AWG Construction Services Ltd v Rockingham Motor Speedway Ltd

The adjudicator was in breach of the principles of natural justice by failing to afford the contractor a proper opportunity to give a fully considered response to the additional material served by the employer at the very end of the adjudication in support of its new allegation
 
AWG CONSTRUCTION SERVICES LTD v ROCKINGHAM MOTOR SPEEDWAY LTD

Technology and Construction Court
His Honour Judge John Toulmin CMG QC
5 April 2004
 
 
The employer served its reply to the contractors second response to the employers original allegation of negligence at the very end of the adjudication and just a week before the adjudicator made his decision. The reply raised a radically new case based on a statement made by its expert witness in which that expert in effect had abandoned his previous opinion as to why the contractor failed to exercise due skill and care as to the way in which the contractor should have designed the race track and for the first time said clearly that the problem was not caused by the layer but by the absence of drainage to the layer.
 
Judge Toulmin held that the adjudicator was in breach of the principles of natural justice in the procedure he adopted by failing to afford the contractor a proper opportunity to give a fully considered response to this additional material served by the employer with its reply. This was on the basis that the contractor was clearly prejudiced by the lack of such an opportunity in that the adjudicator found in favour of the employer in respect of this allegation.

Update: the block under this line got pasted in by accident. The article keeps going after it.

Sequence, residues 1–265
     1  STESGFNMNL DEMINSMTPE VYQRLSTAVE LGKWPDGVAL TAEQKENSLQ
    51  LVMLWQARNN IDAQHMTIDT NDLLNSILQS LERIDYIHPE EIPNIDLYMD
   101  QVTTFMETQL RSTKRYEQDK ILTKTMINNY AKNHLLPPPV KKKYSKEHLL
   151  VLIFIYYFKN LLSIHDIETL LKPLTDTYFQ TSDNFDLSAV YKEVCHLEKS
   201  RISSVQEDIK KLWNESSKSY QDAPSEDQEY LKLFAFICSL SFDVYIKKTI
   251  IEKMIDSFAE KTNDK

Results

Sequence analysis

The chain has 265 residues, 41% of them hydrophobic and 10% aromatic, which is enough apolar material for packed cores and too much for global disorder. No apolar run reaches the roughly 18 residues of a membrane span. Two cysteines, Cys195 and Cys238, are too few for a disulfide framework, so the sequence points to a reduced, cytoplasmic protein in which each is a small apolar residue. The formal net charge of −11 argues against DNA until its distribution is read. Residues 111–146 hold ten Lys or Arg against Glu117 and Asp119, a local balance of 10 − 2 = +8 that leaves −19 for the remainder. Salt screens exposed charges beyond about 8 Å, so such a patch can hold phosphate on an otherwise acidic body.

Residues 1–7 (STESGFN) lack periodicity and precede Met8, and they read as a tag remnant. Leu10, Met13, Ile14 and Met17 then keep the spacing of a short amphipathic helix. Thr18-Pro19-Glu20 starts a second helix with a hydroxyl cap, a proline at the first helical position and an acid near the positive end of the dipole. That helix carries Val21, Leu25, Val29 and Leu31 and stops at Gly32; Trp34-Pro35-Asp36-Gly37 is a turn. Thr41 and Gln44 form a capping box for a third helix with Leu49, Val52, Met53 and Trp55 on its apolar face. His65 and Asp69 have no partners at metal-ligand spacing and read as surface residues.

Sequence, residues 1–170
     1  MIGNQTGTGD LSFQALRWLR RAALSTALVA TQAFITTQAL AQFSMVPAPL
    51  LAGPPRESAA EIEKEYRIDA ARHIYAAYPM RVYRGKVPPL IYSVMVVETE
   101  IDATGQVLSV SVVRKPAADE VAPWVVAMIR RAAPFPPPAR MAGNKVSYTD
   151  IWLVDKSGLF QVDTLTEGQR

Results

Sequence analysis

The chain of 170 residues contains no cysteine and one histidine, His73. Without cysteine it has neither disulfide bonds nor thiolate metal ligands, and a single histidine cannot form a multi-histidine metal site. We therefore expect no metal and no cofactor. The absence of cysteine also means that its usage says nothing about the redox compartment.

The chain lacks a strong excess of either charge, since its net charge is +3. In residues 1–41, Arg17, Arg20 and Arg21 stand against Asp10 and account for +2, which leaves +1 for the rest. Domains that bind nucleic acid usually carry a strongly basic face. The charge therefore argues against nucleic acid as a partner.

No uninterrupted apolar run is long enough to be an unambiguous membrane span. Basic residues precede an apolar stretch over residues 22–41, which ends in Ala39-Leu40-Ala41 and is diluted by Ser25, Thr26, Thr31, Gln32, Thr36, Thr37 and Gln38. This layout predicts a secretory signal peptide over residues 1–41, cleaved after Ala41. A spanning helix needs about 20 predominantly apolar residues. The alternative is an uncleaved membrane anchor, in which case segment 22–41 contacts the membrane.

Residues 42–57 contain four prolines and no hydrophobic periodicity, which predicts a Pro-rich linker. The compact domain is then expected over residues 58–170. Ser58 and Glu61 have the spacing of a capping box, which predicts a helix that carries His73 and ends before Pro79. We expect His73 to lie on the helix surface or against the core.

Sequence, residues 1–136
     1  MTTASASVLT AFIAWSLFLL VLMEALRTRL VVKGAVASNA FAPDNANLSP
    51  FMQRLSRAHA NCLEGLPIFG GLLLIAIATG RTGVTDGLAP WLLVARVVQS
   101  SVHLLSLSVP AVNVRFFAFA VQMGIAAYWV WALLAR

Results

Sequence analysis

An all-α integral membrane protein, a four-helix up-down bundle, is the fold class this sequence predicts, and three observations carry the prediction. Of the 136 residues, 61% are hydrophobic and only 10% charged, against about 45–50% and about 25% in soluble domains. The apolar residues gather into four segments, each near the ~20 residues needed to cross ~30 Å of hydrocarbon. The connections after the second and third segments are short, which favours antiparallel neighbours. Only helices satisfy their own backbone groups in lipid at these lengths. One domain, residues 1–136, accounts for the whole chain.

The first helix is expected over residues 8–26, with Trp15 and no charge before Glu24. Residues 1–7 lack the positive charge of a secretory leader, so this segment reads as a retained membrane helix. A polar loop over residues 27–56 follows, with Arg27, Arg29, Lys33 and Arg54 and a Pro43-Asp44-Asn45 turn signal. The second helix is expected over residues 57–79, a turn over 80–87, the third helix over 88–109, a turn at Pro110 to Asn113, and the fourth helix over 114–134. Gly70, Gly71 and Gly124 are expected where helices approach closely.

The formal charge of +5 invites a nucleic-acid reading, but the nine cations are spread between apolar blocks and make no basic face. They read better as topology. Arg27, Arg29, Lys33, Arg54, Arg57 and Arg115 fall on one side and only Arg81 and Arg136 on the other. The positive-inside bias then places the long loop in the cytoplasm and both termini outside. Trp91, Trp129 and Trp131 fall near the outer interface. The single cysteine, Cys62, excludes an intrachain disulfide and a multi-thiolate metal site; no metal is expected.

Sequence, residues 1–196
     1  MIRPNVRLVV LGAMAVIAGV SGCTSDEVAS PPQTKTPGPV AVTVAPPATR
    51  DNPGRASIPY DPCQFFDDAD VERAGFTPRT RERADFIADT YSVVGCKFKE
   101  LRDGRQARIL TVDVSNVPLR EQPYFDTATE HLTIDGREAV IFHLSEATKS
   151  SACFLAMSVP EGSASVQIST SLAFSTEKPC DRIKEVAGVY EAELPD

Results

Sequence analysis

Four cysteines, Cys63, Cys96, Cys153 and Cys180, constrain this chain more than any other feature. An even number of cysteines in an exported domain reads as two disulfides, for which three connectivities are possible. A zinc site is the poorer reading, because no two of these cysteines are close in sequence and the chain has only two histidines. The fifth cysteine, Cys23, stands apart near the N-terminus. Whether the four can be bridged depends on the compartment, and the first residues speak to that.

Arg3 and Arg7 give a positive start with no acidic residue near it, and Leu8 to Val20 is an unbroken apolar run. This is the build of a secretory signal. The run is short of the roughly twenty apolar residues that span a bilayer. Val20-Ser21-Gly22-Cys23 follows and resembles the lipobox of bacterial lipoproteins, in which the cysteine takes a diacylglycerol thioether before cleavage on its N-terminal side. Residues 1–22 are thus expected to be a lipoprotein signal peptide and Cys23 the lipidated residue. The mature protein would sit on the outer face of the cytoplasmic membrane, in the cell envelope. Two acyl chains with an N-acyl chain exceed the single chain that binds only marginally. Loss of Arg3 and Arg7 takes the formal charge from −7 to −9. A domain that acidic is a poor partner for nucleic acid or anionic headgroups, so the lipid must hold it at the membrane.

It was stated in the commentary of CPR 17 of the White Book that one important factor for the court to consider when permission to amend was sought close to the trial date was whether the amendment would put the parties on an unequal footing or place or add an excessive burden to the respondent's task of preparing for trial. Whilst adjudication could not be regarded as equivalent to court proceedings or arbitration, the above test in the White Book was a useful pointer in the context of assessing the fairness of late allegations or additional evidence in adjudication. The employers claim after the service of the reply was far removed not only from the employer's notice of adjudication and its referral notice, but also from the dispute that the adjudicator asserted had crystallised some three weeks earlier.
 
Advice Note
The courts are now making it clear that if an adjudicator allows the type of procedural ambush as in this case, they will hold that the decision is unenforceable.
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